A funny thing happened when I found Reader’s Digest‘s list of the “Best Reads of 2011.” A post from my blog was #4 on the list!
Woody Allen wrote the #3 article on the list, and Roseanne Barr wrote the #13 article. (And I also recognized the names Christopher Hitchens and David Brooks). The editors of Reader’s Digest had selected “the most unforgettable articles” for the entire year from newspapers, magazines, and from the internet, but it still took me a while to fully accept what had happened. The “best reads” of the year came from The New York Times, Vanity Fair magazine, The Atlantic, National Geographic, and — from this blog!
I write this blog under a pseudonym — and I’d also used another pseudonym when I published a “short picture scrapbook” about my girlfriend’s dog. It’s kind of funny that the Reader’s Digest list apparently just used the dog book’s pseudonym for their list, which meant that the honor of authoring the #4 ‘best read’ of the year went to ‘Moe Zilla’, the non-existent persona I’d created for writing funny children’s picture books like “The Turkey Mystery Rhyme”. I was too shy to ask Reader’s Digest to correct the name — so I’m just changing this blog’s byline to “Moe Zilla” from now on. :)
The post they’d selected was about the cartoonist who drew the Family Circus comic strip. I’d started out lamenting how he’d published nearly 100 paperback collections of his newspaper comic strip — and yet none of them were available on the Kindle. But soon I was reminiscing about “my favorite memory” of cartoonist Bil Keane — and the day when a piece of kindness somehow magically escaped from his comic strip and found its way into the real world. (The editor of Reader’s Digest’s “Select Editions” called it “the touching story of a real and honorable gentleman.”)
But the truth is, I was sharing an actual memory of my own about the early days of the internet. Back in 1999, I was still caught up in all the excitement about the very first years of the web. And I’d laughed hysterically — till tears rolled down my cheeks — at some of the crazy new web sites that were springing up in my web browser. And yes, that included that very rowdy web site where anonymous strangers submitted “alternate” captions for Bil Keane’s Family Circus cartoons. But in a strange way, there was a real innocence to it. Pesky concepts like copyright infringement simply hadn’t occurred to a lot of people back in 1999.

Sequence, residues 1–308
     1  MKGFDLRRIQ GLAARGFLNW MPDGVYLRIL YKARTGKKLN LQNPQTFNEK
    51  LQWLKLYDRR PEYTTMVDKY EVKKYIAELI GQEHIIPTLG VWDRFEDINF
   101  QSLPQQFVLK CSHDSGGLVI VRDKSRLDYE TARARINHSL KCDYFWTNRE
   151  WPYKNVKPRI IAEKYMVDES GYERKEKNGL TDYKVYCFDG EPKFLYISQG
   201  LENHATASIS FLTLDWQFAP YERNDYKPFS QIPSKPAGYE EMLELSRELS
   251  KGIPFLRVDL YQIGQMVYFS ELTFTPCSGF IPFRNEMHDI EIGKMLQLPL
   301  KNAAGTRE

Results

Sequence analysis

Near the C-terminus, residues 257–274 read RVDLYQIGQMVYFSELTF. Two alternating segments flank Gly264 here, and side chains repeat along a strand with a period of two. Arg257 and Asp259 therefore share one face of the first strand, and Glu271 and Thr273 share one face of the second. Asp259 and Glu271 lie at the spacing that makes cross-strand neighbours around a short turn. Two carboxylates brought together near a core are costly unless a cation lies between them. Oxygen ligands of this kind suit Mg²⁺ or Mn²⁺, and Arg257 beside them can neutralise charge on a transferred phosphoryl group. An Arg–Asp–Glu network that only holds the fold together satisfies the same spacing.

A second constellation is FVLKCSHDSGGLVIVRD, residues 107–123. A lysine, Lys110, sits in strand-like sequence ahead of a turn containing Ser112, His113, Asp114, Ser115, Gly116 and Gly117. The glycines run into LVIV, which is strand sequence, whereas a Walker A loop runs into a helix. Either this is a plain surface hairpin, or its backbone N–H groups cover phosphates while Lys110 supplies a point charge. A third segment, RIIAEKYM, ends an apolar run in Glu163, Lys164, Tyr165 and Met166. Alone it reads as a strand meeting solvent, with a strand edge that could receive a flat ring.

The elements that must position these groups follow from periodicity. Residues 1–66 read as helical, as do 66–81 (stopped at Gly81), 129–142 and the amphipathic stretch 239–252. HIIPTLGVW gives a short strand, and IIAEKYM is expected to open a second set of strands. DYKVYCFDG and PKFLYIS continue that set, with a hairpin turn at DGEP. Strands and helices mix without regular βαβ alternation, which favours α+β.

An invisible community slowly started to grow around the act of re-captioning someone else’s cartoons. At one point, I’d heard that a handful of people even flew in to Chicago from all across the country — just to share that connection in real-life. (Before it was over, someone played a VHS tape of an animated Family Circus holiday TV special, and they’d all joked about it together.) I’m not sure any of them understood it as having a larger significance — beyond “It was really fun.” But I wonder sometimes if it was something special — a once-in-a-lifetime happening, the near-spontaneous formation of a massive grass roots comedy collective, united only by their strange, shared belief that this needed to happen.
After four years, there was almost a sense of tradition about it. (And to this day, there’s a rumor that all 50,000 of their captions are still being secretly passed around, preserved like a sacred text from the ancient 1990s.) That’s the forgotten piece of history that I think ultimately was left out of my story. That there was a very strong sense of community on that day when a lawyer showed up in their virtual village — and demanded that they all stop.
It was a “wild west” moment — but I mean that in the best possible way. In this strange new frontier, the villagers then gathered together to try to work out what was fair and what was right. There was some fretting and some chest-thumping, but there were also some very earnest and absolutely sincere discussions about the right to freedom of speech, and for their legally-protected right to create a satire. But it was a frontier moment in another way, because beyond all that high talk about powerful institutions — about a “body of intellectual property”, and the law firms defending it — were people.
“This showdown finally ended in the most unexpected way imaginable,” I wrote in my blog post. “One day the webmaster picked up his phone, and discovered he was receiving a call from cartoonist Bil Keane himself.”
The webmaster never revealed what they talked about, but “…as we got further into the conversation, I just realized I couldn’t really go on doing what I’m doing,” he wrote later on his web page. Bil Keane had simply surprised him. “He’s actually a nice guy….”
Their 90-minute phone conversation may have disappeared into the mists of internet history. But maybe Reader’s Digest is right. Maybe it’s worth taking a moment to remember that day when a moment of Bil Keane’s genuine warmth somehow magically escaped from his comic strip – and found its way out into the real world.